Home Living in Switzerland Household Grocery store ‘war’
Last update on July 31, 2019

Coop vs. Migros? We investigate.

While rushing to check out at our local Coop grocery store this morning, I found myself in line behind a woman arguing for a refund. I slowly emptied my cart of its contents — amazingly fresh organic vegetables and fruits — onto the conveyor belt and listened.

The woman explained in broken French that she had purchased six yogurts, and six yogurts only, and she felt she should be paid out CHF 80. The checkout girl, who was obviously Swiss German speaking, nodded her head, filled out a yellow slip, and answered the woman in even worse French.

One thing was for sure. This discussion was not going to end soon, and as I glanced at my watch, I realized I would be late for my appointment. So, I placed my produce back into the cart and stomped over to the next lane, uttering complaints under my breath. When I spotted a neighbor in line, I said something about continuing to shop at competing grocery store Migros, which has a customer service desk. While unloading my cart yet again, I peered over to the next lane and felt smug. The two women were still talking.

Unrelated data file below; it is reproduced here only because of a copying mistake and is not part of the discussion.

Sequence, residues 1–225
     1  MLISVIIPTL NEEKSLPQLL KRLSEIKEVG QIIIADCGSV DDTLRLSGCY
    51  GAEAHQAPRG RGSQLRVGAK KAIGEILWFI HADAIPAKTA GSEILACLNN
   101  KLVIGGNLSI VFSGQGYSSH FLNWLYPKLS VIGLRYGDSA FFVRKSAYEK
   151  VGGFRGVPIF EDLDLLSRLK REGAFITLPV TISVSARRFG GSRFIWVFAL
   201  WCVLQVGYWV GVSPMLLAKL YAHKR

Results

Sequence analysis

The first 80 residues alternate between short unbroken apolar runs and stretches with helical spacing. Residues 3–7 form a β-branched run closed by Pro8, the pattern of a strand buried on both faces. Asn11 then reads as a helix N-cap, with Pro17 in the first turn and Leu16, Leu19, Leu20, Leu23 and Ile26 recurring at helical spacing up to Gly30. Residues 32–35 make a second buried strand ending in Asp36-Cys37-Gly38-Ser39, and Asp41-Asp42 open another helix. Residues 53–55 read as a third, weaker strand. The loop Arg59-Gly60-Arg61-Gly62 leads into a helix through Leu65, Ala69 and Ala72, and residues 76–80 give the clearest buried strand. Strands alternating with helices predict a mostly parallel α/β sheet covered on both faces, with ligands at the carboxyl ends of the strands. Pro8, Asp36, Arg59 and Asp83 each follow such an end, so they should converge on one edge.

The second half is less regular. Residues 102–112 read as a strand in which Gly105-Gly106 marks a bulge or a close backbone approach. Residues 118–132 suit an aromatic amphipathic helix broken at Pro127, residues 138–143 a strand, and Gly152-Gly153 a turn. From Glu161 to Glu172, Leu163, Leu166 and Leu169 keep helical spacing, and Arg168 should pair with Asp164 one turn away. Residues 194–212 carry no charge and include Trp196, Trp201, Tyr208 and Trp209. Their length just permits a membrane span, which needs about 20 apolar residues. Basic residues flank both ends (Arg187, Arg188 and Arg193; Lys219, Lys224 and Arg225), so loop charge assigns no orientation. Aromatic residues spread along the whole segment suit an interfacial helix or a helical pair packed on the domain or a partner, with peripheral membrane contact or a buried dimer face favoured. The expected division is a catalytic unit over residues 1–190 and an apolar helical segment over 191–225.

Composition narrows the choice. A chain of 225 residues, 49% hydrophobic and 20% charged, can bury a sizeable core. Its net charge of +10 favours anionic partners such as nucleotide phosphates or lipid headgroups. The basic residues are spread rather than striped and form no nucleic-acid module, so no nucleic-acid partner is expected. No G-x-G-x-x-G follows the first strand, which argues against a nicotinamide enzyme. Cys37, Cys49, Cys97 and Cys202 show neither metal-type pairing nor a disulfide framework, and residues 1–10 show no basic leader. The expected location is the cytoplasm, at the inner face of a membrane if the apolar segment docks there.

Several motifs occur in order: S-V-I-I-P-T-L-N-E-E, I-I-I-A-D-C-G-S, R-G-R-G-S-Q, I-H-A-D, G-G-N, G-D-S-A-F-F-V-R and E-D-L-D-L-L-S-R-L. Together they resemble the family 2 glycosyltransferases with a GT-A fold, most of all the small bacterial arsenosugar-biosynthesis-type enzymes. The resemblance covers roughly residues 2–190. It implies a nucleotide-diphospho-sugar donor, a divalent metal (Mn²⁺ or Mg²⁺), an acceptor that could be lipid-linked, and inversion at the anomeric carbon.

Life in the Swiss Alps: At the grocery store today

It’s true. Migros has a “Kundendienst” or a customer service desk that deals with complicated matters such as refunds, so that customers wouldn’t have to wait in line too long. These desks also sell taxed garbage bags, household appliances, printer cartridges, and electronics. Coop also has a similar desk, but it is a high-volume sales kiosk, selling alcohol and cigarettes. I heard from a friend that Migros won’t sell alcohol and cigarettes in its stores for ethical reasons.

Competing grocery stores Coop and Migros account for about 70 percent of the market share for food and drinks in Switzerland. A little online research showed that Migros had better customer service, but Coop had better produce, especially organic selections. So there we have it… exactly my experience today.